Librarians are trusted experts with access to sources of evaluated data and information, and their physical and digital spaces are sites of lifelong learning. With their professional ethical principles of user privacy, inclusion, and equitable access, and a professional practice oriented to respecting provenance, preservation, and versioning, librarians are well positioned as research partners in the work of the IIRD Interagency Working Group, as well as serving as channels  for community participation and engagement.

Respectfully submitted,

Mary Lee Kennedy
Executive Director
Association of Research Libraries



Altman, Micah, and Philip N. Cohen. “The Scholarly Knowledge Ecosystem: Challenges and Opportunities for the Field of Information.” Frontiers in Research Metrics and Analytics (January 31, 2022). https://doi.org/10.3389/frma.2021.751553.

Altman, Micah, Karen Cariani, Bradley Daigle, Christie Moffatt, Sibyl Schaefer, Bethany Scott, and Lauren Work. 2020 NDSA Agenda for Digital Stewardship. (Alexandria, VA: NDSA, 2020). https://arxiv.org/pdf/2005.05474.pdf.

Donovan, Joan. “Redesigning Consent: Big Data, Bigger Risks.” Harvard Kennedy School Misinformation Review (January 14, 2020). https://doi.org/10.37016/mr-2020-006.

franzke, aline shakti, Anja Bechmann, Michael Zimmer, Charles Ess, and the Association of Internet Researchers. Internet Research: Ethical Guidelines 3.0 (Association of Internet Researchers, 2019). https://aoir.org/reports/ethics3.pdf.

Lynch, Clifford. “Managing the Cultural Record in the Information Warfare Era.” EDUCAUSE Review (November/December 2018): 94–95. https://www.cni.org/wp-content/uploads/2008/06/managing-cultural-lynch.pdf.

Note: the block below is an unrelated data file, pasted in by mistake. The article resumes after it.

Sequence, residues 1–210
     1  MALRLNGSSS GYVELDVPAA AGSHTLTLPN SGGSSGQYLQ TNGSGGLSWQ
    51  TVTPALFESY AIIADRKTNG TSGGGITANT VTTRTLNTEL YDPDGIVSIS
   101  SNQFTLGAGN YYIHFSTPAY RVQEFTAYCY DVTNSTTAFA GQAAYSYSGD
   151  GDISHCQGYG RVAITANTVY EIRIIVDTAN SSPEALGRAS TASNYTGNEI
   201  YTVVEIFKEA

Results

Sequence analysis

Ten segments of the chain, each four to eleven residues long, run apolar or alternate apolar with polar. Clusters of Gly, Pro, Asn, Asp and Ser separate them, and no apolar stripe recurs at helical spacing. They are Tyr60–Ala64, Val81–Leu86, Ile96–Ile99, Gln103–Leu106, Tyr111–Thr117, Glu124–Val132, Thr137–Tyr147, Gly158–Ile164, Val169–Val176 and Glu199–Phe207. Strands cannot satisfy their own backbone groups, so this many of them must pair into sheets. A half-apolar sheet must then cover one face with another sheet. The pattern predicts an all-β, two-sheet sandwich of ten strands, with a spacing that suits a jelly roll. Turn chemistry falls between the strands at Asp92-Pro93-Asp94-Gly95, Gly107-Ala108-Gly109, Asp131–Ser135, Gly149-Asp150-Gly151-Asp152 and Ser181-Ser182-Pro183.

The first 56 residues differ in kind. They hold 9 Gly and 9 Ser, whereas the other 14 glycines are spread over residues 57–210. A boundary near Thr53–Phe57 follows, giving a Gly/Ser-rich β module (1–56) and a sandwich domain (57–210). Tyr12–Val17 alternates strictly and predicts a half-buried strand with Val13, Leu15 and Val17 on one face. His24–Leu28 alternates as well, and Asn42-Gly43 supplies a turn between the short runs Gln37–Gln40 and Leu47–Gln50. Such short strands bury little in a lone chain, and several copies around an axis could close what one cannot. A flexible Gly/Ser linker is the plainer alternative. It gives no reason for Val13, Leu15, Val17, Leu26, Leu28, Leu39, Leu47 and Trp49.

Wilson, Tom, and Kate Starbird. “Cross-platform Disinformation Campaigns: Lessons Learned and Next Steps.” Harvard Kennedy School Misinformation Review (January 14, 2020). https://doi.org/10.37016/mr-2020-002.


About the Association of Research Libraries

The Association of Research Libraries (ARL) is a nonprofit organization of 126 research libraries in Canada and the US whose mission is to advance research, learning, and scholarly communication. The Association fosters the open exchange of ideas and expertise; advances diversity, equity, and inclusion; and pursues advocacy and public policy efforts that reflect the values of the library, scholarly, and higher education communities. ARL forges partnerships and catalyzes the collective efforts of research libraries to enable knowledge creation and to achieve enduring and barrier-free access to information. ARL is on the web at ARL.org.